Peter Johndrow Represents Bellevue Brewing Company in Leasing Space at Evergreen Center
October 10, 2011
September 22, 2011
Bellevue man shifts focus from real estate to start new brewery
By KATIE ZEMTSEFF
Journal Staff Reporter
Photos courtesy of Bellevue Brewing Co. [enlarge]
Early next year, Bellevue will get its first locally owned craft brewery when Bellevue Brewing Co. opens its doors. The company recently leased 12,000 square feet in the Bel-Red Corridor.
The brewery will be in Evergreen Center at 1820 130th Avenue N.E., Suite 2.
Today, the space is empty — and cavernous. When the brewery opens in mid-January, the space will be divided into a 6,000-square-foot, 20-barrel brewhouse and a 5,000-square-foot, family-friendly taproom. Taproom visitors can visit the brewhouse and drink beer there when it is not in operation.
John Robertson is the founder and managing member of the brewery, and the brains behind the project. Robertson said he has a long history in real estate and founded Robertson Capital Corp. in 1997. The business provides funding of $2 million and above to commercial real estate projects nationwide, but when the market turned in 2008, Robertson realized he needed to make some changes.
“It's a lot less fun now. It feels a lot more like work,” he said. “Everybody wants to have more fun in what they do and this is a way I can do that. Make some money and with that money do some things that are really important to us and do some good in the community.”
Robertson said he wants to spend more time around people who are smiling and enjoying themselves, rather than people who are negotiating basis points.
BBC will brew four signature beers, seasonal beers and one brewer's series beer each quarter. It will start with ales and then add lagers. The team has considered creating an IPA, ESB, a stout and Scotch ale.
There also will be two guest taps, for a total of eight beers on tap.
The taproom will have three hospitality rooms that businesses can rent, a large L-shaped bar, multiple video monitors and a 22-foot projection screen. There will be free Wi-Fi. Food will simple and organic, and Washington wines will also be served. Live music is planned periodically.
Peter Johndrow of Wallace Properties represented BBC in leasing its space.
The idea for the brewery began in 2009 when Robertson got together for a beer with an old friend, Scott Hansen, founder of Leavenworth Biers, which is now part of Fish Brewing. They noted there was no local brewery in Bellevue and talked about starting one. The conversation led to Robertson forming the company in January of 2010. Now, they have a space and are getting ready to open. Hansen is chief operating officer.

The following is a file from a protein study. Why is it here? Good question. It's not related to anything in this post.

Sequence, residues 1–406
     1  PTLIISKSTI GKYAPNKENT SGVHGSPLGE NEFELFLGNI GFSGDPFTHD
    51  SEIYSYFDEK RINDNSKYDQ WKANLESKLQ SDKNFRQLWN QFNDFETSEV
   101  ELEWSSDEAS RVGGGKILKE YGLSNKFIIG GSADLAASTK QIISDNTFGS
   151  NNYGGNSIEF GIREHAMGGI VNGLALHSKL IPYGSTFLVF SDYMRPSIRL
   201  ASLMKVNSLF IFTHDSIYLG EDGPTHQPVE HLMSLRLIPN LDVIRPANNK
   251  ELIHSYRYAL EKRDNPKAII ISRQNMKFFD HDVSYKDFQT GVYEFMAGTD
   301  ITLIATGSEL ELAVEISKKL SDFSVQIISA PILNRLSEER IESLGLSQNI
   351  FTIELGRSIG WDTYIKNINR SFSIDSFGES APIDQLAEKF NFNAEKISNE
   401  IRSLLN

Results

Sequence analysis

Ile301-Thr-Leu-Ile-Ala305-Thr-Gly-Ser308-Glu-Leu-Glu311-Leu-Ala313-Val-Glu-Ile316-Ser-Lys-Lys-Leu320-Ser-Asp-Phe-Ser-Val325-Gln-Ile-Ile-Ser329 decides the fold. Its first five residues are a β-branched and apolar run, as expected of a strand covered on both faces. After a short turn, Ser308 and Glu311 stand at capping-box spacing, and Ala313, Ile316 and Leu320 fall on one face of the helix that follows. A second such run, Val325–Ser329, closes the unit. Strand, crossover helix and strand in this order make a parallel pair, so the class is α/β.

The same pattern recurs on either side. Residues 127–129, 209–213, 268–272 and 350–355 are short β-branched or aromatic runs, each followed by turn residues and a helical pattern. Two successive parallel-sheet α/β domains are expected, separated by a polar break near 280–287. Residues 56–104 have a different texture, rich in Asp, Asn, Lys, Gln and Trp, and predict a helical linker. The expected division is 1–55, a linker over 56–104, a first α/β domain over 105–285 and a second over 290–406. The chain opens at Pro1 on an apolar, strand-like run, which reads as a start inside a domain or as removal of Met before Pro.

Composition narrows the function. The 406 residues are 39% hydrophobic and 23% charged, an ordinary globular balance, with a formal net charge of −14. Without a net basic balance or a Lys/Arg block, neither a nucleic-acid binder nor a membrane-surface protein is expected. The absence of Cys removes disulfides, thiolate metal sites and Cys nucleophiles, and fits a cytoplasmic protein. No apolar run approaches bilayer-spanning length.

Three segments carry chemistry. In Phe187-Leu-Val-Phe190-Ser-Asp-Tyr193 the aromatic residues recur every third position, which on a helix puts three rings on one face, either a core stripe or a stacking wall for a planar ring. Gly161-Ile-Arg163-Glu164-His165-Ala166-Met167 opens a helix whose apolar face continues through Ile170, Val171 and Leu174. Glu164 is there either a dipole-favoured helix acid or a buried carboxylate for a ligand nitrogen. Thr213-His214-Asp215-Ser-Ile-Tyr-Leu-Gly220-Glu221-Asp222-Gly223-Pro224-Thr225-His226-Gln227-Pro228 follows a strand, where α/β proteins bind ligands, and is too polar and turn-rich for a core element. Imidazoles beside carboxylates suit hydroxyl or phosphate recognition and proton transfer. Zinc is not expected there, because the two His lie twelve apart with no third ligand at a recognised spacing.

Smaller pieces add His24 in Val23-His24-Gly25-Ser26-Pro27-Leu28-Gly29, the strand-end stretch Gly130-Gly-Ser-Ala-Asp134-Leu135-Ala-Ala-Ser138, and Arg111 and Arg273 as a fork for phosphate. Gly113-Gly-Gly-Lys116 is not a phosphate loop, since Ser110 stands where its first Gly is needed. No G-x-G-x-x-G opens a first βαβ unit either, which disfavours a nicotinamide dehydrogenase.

JPC Architects is designing the space and RBI Construction is the general contractor. Both are based in Bellevue.
Al Triplet, the original head brewer at Redhook, chairs the advisory board, and Todd Malloy, formerly of Firestone Walker Brewing Co. of Paso Robles, Calif., is head brewer.
Robertson said building a craft brewery in Bellevue is a natural fit because there's huge demand for craft beer on the Eastside.
The team is excited for its taproom, which will be similar to a wine tasting space where visitors can learn about the brewing process. It will not be an organic brewery but will use organic ingredients whenever possible.
The brewery will also participate in charitable work for children. Robertson said BBC will donate beer for other nonprofits' events, and hold its own charitable events. A portion of every dollar spent at BBC will go toward giving a needy child in the community help in personal safety, health care and education. Robertson said he believes society needs to invest more in children for the future.
BBC is about beer but it's also about community and Bellevue's future, he said. Robertson grew up in Bellevue, and said he loves the city, but he said Seattle overshadowed it economically for a long time. He said Bellevue has come into its own in the past decade and continues to shed its image of “richy-rich streets paved with gold” as more people understand how it is changing.
He said Bellevue today is much more diverse, with 41 percent of its population born outside the U.S.
Robertson said Bel-Red Corridor is the next hot sub-market in Bellevue. Downtown serves its purpose, he said, but its stores are the same as those in any big city. He said Bel-Red Corridor is Bellevue's chance to create a walkable, livable, unique space with local, mom-and-pop stores.
“I think the Bel-Red Corridor is Bellevue's opportunity to get it right,” he said. “We'd like to be part of that growth and definition.”
Robertson isn't quite sure how his schedule will change over time. Initially, he will work more on the brewery than his real estate business, but eventually he wants both entities to be successful.
“I want to do something nice in the community,” he said. “Beer's been bringing community together for 8,000 years. It has a good shot at creating cultural cohesiveness here.”
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